The median income for a household in the town was $32,250, and the median income for a family was $41,008. Males had a median income of $34,659 versus $20,278 for females. The per capita income for the town was $16,649. About 3.9% of families and 7.0% of the population were below the poverty line, including 6.0% of those under age 18 and 10.7% of those age 65 or over.
As of the census of 2000, there were 1,773 people, 799 households, and 488 families residing in the town center, or census-designated place (CDP). The population density was 2,073.5 people per square mile (796.0/km²). There were 912 housing units at an average density of 1,066.6 per square mile (409.4/km²). The racial makeup of the CDP was 97.18% White, 0.06% Black or African American, 0.17% Native American, 1.02% Asian, 0.23% from other races, and 1.35% from two or more races. Hispanic or Latino of any race were 0.39% of the population.
There were 799 households out of which 24.9% had children under the age of 18 living with them, 50.6% were married couples living together, 6.8% had a female householder with no husband present, and 38.9% were non-families. 33.3% of all households were made up of individuals and 16.1% had someone living alone who was 65 years of age or older. The average household size was 2.21 and the average family size was 2.81.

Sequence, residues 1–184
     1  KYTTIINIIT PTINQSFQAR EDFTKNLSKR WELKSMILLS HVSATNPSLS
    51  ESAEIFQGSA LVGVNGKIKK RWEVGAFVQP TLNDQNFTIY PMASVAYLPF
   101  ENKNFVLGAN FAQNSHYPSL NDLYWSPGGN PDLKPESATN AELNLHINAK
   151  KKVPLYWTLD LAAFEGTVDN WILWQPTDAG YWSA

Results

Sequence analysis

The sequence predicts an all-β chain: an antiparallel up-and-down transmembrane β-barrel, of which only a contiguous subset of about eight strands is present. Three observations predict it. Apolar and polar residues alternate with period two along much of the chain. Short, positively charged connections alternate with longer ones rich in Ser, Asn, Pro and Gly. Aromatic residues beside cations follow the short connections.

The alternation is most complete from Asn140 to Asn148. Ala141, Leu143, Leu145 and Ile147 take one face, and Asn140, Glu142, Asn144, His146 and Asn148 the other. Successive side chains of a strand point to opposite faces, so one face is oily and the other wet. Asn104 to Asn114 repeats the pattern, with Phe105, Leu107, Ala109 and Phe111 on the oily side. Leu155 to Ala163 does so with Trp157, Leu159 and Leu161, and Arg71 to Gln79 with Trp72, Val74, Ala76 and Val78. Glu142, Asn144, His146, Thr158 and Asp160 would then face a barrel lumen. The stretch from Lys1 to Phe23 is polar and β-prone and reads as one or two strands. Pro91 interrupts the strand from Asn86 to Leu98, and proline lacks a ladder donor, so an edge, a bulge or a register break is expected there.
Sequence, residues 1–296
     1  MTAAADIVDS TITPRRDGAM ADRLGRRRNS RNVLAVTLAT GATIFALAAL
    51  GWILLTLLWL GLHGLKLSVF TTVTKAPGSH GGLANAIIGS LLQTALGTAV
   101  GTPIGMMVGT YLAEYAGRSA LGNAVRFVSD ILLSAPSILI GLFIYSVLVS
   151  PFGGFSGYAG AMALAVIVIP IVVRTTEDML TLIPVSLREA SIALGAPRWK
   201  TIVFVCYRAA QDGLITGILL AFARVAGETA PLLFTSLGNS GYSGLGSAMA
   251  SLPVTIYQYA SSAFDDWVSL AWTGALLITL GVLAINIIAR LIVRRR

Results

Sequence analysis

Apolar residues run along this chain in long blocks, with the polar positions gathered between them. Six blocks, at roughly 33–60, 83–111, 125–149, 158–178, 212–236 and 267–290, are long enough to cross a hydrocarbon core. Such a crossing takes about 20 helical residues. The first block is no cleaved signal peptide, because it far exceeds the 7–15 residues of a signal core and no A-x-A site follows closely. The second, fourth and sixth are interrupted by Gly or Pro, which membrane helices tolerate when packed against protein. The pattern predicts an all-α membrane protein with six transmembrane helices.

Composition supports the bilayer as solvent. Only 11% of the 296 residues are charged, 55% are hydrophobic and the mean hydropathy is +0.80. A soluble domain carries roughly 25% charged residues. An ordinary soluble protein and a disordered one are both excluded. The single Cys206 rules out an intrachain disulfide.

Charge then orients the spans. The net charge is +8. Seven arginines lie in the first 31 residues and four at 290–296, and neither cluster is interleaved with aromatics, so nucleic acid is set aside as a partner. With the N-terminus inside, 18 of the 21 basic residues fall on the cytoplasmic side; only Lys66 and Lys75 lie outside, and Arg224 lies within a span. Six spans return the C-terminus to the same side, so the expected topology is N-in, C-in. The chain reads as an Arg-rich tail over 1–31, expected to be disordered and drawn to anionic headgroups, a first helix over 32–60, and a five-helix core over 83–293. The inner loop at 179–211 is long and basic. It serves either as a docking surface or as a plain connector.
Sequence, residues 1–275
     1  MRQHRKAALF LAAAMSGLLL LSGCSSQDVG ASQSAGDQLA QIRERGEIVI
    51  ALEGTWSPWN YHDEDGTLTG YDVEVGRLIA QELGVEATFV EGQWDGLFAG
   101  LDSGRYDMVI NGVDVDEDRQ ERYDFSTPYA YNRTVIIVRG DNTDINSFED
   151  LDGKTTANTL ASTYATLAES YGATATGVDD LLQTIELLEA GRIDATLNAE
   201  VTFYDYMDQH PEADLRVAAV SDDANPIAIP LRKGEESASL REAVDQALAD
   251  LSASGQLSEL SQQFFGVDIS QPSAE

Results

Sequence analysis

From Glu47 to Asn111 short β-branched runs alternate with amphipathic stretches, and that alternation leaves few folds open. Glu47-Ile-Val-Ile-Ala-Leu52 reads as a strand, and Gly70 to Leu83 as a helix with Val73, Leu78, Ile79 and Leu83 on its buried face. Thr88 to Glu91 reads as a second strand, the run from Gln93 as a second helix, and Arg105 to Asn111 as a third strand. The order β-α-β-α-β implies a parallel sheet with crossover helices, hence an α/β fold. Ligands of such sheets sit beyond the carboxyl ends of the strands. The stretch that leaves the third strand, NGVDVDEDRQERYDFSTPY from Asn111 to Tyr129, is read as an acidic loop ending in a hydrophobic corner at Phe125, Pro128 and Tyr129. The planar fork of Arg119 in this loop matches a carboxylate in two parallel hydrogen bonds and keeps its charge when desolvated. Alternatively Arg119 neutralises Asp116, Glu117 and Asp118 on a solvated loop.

In the CDP the population was spread out with 21.2% under the age of 18, 6.8% from 18 to 24, 28.2% from 25 to 44, 24.8% from 45 to 64, and 19.1% who were 65 years of age or older. The median age was 41 years. For every 100 females there were 97.0 males. For every 100 females age 18 and over, there were 97.3 males.
The median income for a household in the CDP was $31,813, and the median income for a family was $39,400. Males had a median income of $32,217 versus $22,708 for females. The per capita income for the CDP was $16,910. About 4.7% of families and 8.0% of the population were below the poverty line, including 9.8% of those under age 18 and 11.7% of those age 65 or over.
Sites of interest
- United States Census Bureau, American FactFinder, 2010 Census figures. Retrieved March 23, 2011.
- "Some Highlights of Gorham History" (PDF). Retrieved July 17, 2012.
- "Gorham Historical Society & Railroad Museum". Retrieved July 17, 2012.
- Foster, Debra H.; Batorfalvy, Tatianna N.; Medalie, Laura (1995). Water Use in New Hampshire: An Activities Guide for Teachers. U.S. Department of the Interior and U.S. Geological Survey.
- "Annual Estimates of the Resident Population for Incorporated Places: April 1, 2010 to July 1, 2015". Retrieved July 2, 2016.
- "Census of Population and Housing". Census.gov. Retrieved June 4, 2016.
- "American FactFinder". United States Census Bureau. Retrieved 2008-01-31.